Six States Want Colorado River Pipeline Slowed

The seven states of the Colorado River Compact usually stay out of each other's business once the water is divvied up, but in a surprising move, six of the compact states have signed a letter to raise concerns about Utah's pipeline plans.

2 minute read

September 18, 2020, 7:00 AM PDT

By James Brasuell @CasualBrasuell


A pipeline project intended to supply water for the St. George are of Utah is drawing a rare kind of scrutiny from nearby states that also rely on Colorado River water. | Jeremy Christensen / Shutterstock

Following a few months after the release of the Environmental Impact Statement for the Lake Powell Pipeline project, six of the seven states that rely on water from the Colorado River have asked federal regulators at the U.S. Department of the Interior to slow down the process. 

An on-air feature, transcribed for the KJZZ site, digs into the implications of the letter sent by six states to oppose the actions of he state of Utah in seeking to build a pipeline for shipping Colorado River water to the fast growing community of St. George, Utah. Lauren Gilger and Mark Brodie host the show, speaking with John Fleck, author and director of the University of New Mexico Water Resources Program, for insight into the significance of the kerfuffle. Fleck explains: 

The letter was really surprising to a lot of us and really striking because we have a tradition in the Colorado River Basin that states don't mess in other states' business — that what a state does with the water within its boundaries is that, is each state's business. And the letter, there's a kind of a remarkable breakdown of that bargain. This is six states getting together and saying, "We have a problem with what Utah is doing and the way Utah is doing it with its share of its Colorado River water."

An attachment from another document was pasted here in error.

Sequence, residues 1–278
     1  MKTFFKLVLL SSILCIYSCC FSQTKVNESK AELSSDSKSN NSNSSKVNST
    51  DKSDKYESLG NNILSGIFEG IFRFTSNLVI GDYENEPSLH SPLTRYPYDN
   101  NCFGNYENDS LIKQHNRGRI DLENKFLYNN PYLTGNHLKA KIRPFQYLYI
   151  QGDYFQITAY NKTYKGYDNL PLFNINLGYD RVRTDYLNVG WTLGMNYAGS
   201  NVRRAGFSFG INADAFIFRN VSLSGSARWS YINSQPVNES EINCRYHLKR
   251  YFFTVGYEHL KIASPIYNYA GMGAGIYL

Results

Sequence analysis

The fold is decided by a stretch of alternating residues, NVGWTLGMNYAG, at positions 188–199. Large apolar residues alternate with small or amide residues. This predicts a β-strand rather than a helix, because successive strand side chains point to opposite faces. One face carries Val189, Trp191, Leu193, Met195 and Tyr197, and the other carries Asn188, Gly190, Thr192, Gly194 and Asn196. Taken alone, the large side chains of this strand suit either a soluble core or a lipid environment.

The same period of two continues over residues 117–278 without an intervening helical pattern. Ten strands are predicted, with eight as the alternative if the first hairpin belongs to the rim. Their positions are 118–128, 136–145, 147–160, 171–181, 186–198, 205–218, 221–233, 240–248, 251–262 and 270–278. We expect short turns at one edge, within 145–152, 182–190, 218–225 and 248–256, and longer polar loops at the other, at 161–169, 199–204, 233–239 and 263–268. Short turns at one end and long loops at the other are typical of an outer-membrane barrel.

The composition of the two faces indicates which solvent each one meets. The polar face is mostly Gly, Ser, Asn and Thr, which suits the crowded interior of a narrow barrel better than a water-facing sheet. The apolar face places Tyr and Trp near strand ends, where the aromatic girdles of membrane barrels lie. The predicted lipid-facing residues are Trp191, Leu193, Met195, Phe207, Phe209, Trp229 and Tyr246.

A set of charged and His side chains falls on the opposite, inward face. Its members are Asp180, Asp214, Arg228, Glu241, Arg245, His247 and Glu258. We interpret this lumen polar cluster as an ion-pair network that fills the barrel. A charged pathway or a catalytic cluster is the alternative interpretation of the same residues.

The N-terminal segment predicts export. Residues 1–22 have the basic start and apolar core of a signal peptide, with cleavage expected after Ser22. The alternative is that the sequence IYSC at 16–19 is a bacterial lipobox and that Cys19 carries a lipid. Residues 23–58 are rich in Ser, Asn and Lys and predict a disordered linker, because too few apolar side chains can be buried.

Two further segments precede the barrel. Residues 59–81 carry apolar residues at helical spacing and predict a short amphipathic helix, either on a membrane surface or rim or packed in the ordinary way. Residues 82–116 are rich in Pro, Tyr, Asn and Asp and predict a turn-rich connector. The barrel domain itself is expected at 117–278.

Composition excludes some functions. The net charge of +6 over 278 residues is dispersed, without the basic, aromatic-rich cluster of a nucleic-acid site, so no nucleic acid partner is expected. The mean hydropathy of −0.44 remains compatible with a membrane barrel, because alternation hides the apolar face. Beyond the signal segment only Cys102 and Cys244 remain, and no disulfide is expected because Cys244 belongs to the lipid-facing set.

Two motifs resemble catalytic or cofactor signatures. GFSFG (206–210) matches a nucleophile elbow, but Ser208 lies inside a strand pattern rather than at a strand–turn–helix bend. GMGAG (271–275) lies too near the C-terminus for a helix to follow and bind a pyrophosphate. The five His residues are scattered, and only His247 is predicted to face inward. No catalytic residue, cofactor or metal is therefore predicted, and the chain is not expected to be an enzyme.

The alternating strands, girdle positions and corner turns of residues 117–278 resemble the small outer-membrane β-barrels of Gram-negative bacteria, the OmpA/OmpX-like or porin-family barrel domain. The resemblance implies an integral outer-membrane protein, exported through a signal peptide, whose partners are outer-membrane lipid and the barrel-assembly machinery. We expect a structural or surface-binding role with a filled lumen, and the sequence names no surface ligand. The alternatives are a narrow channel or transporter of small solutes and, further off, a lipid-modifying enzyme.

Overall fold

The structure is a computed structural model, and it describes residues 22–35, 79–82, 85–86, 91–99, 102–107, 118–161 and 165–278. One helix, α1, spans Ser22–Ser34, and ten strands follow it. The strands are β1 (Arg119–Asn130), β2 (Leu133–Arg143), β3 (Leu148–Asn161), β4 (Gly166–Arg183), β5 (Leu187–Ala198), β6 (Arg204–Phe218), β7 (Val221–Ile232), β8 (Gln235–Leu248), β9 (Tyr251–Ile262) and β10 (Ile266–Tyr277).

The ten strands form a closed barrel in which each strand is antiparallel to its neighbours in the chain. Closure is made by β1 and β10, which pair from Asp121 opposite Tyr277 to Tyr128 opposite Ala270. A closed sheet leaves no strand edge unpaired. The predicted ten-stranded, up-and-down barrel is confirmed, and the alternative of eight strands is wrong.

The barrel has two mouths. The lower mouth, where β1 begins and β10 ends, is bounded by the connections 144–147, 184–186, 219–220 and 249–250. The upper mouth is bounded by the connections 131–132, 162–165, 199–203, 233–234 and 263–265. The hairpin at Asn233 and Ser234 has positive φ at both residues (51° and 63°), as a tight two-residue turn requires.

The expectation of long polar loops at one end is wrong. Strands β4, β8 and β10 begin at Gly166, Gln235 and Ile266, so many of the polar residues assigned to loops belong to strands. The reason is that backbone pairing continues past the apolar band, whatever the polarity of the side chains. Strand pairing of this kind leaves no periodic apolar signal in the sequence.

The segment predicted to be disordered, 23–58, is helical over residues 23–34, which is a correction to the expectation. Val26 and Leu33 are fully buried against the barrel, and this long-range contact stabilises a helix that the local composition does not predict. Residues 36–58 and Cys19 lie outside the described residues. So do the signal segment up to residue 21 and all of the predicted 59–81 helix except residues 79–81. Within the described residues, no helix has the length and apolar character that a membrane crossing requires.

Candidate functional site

Fleck elaborates:

Well, the problem with what Utah is doing, and in a sense, you know, we could have a blame game going on here, but essentially what the states are, are arguing is that Utah, in charging ahead with the Lake Powell Pipeline, without engaging in consultation and collaboration with the other states, is acting in a way that poses a lot of risk to the sort of seven-state collaboration that we've seen more and more over the last 20 years. There are a number of concerns that states have had for a long time about the Lake Powell Pipeline. And rather than working with the states to come up with a shared understanding of how to go forward with this pipeline, Utah has decided to just charge ahead. And the other states are saying, "Whoa, we need to put the brakes on here.

Fleck and Brodie speak at much greater length, including a discussion about the likelihood that the federal government might heed the warnings of the six other states.

The Kaibab Band of Paiute Indians raised alarms about the pipeline project in June, when the U.S. Bureau of Reclamation released the environmental impact statement for the proposed pipeline. Planetizen has been tracking the Lake Powell Pipeline Project since March 2018.

Tuesday, September 15, 2020 in KJZZ

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